Remember back in December 2017, when the Red Sox tweeted “Rivalry” with some flame emojis, and that was considered big baseball drama?
Ah, the good ol’ days of having baseball and having drama that wasn’t actual drama, like say, a global pandemic.
Ever since 2004, it’s been harder to keep that flame of rivalry alive. With the Red Sox trouncing the Yankees so spectacularly in multiple postseasons in the last two decades, and Boston winning four championships in this millennium to New York’s lone ring, the David and Goliath narrative has, for the time being, been shelved. Yes, there have been flashes of heated hatred between the teams, like the Yankees luring Jacoby Ellsbury away – a blessing in disguise, so thanks! – or hiring Aaron Bleeping Boone as their manager for no legitimate reason other than his infamous walk-off home run, and Joe Kelly and Tyler Austin igniting a bench-clearing brawl back in April 2018. But for the most part, things have cooled off. And now, with no baseball at all, it’s hard to have a rivalry, apart from hating Aroldis Chapman for being a wife-beater.
But back in 2008, things were different. The Red Sox were fresh off their second championship in four years, and the Yankees were tearing down the House That Ruth Built in favor of the bland mausoleum they now inhabit, and the rivalry made a cameo in the construction process.
Twelve years ago to the day, construction workers at the site of the new stadium unearthed a foreign jersey near the third-base line. It had no pinstripes, and bore red letters and a name that struck fear in Yankees fans and pitchers alike:
Yes, a construction worker had played the ultimate prank: encasing a Big Papi jersey under two feet of concrete, in hopes of cursing the new stadium. The prankster was Gino Castignoli, a lifelong, diehard Sox fan. And his prank apparently ended up costing the construction crew over five hours of their time and over $50,000 in overtime pay, to jackhammer the jersey free. Castignoli told the Boston Herald that he signed on to work the construction site for one day just to pull of the prank. Had he been able to keep it to himself instead of bragging to his friends (it is a brag-worthy move, to be fair), we may never have known.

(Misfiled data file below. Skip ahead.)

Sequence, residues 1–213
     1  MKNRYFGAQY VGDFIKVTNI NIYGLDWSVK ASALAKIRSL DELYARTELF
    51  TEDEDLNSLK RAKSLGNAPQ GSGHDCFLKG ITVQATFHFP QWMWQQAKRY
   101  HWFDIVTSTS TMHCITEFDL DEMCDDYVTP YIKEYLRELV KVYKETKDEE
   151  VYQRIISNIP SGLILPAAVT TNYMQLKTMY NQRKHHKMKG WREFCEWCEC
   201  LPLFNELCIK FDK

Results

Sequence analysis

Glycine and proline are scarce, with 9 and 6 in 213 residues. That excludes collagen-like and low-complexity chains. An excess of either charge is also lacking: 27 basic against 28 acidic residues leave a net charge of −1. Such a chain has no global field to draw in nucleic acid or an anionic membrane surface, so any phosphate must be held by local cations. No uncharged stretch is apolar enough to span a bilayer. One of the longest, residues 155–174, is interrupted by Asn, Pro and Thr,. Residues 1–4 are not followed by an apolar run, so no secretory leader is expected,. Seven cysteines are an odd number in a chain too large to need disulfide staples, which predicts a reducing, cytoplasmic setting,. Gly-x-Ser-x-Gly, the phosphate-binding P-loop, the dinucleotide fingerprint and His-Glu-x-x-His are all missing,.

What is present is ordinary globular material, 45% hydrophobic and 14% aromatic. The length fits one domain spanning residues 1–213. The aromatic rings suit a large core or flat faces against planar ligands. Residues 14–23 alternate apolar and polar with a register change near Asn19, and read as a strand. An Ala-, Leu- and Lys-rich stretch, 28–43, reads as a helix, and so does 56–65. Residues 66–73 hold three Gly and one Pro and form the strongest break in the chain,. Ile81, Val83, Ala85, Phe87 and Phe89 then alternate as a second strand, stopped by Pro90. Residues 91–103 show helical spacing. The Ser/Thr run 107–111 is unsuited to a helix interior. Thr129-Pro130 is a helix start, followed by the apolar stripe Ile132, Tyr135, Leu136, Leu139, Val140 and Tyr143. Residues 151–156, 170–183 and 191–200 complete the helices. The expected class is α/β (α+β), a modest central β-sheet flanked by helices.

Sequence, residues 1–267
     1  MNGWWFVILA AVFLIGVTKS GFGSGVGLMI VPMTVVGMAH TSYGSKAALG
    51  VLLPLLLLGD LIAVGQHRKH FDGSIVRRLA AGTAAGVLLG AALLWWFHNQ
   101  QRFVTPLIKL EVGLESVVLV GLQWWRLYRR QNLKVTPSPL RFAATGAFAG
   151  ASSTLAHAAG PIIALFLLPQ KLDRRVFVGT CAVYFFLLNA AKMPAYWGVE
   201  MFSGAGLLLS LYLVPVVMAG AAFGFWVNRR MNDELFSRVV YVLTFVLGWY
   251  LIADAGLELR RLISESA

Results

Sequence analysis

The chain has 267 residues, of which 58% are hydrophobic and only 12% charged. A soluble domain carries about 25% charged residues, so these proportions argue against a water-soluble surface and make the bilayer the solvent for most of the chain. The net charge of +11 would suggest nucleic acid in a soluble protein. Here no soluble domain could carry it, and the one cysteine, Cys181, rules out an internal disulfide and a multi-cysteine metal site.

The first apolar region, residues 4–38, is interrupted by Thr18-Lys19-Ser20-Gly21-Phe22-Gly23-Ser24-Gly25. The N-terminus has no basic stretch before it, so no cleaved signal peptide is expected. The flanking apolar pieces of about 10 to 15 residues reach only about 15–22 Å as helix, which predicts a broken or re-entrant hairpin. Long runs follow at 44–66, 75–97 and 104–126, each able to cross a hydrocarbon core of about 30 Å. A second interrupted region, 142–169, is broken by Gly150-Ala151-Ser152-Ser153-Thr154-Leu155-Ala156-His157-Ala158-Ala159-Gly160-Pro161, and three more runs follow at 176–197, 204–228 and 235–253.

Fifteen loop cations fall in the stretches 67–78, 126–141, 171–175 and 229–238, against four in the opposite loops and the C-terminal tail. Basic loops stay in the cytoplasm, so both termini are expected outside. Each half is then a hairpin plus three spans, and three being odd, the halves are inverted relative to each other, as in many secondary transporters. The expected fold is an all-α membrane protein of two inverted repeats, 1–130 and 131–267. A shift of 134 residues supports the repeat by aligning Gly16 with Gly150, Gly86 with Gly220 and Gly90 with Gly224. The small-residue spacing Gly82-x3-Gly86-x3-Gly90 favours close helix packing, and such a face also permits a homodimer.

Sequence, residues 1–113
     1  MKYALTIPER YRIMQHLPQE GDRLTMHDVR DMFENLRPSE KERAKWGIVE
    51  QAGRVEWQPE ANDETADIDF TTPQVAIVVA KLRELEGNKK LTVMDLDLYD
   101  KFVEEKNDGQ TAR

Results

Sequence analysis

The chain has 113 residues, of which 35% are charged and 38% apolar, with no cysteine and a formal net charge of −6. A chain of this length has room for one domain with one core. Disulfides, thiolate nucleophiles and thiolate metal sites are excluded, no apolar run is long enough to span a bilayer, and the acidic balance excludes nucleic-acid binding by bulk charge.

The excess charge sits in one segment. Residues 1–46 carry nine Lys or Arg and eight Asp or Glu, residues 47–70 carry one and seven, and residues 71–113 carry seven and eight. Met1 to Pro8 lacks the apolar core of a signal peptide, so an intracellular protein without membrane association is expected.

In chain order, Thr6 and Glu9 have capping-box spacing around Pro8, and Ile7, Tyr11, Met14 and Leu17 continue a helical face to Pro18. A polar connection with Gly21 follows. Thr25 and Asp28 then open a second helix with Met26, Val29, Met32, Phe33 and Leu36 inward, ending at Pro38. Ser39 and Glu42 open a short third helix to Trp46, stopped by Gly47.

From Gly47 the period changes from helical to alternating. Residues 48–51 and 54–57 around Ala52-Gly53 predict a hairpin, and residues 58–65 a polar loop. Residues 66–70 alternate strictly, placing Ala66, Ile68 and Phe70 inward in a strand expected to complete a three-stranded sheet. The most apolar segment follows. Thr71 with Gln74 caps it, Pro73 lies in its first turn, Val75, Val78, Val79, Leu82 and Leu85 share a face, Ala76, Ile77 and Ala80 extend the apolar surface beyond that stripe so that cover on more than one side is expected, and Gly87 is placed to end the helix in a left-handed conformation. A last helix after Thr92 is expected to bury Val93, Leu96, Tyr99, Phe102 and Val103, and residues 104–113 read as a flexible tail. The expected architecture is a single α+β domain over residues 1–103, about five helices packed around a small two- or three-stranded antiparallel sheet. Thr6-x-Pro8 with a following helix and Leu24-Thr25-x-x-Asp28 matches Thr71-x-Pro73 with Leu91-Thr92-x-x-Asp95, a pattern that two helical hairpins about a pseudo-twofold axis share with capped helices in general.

Unsurprisingly, the Yankees top brass were super chill about the prank, with one official calling it “a bad, dastardly act.” Hank Steinbrenner, Yankees SVP and son of team owner and famously-chill person George Steinbrenner, remarked “I hope his co-workers kick the s*** out of him.” Team COO Lonn Trost consulted with the Bronx district attorney, who likely told him to shove off, because he had actual criminals to worry about, and Team President Randy Levine called Castignoli “someone who had really bad motives and was trying to do a really bad thing.” Eloquent stuff, Randy.
The jersey ended up being sent to the Jimmy Fund and auctioned off for charity, with a winning bid of $175,110, so far more good came from this situation than harm. I’ve looked for more recent news on Gino Castignoli, but have not been able to determine whether or not he ever faced any legal recourse for his epic prank, though a lawyer at The Heritage Foundation wrote about the possible legal ramifications of Gina’s prank back in May of that year. And while the jersey was removed and the Yankees went on to win the 2009 World Series, they haven’t won one since. So maybe Gino’s plan worked after all, and as David Ortiz proudly stated in the 2004 World Series film, “the Curse of the Big Papi” still remains in the Bronx.
Despite missing baseball, it is fun to be able to look back on baseball’s past, and have the time to dive into stories like this. We might not have baseball, but we’ll always have baseball.
Photos: NY Times, CA Times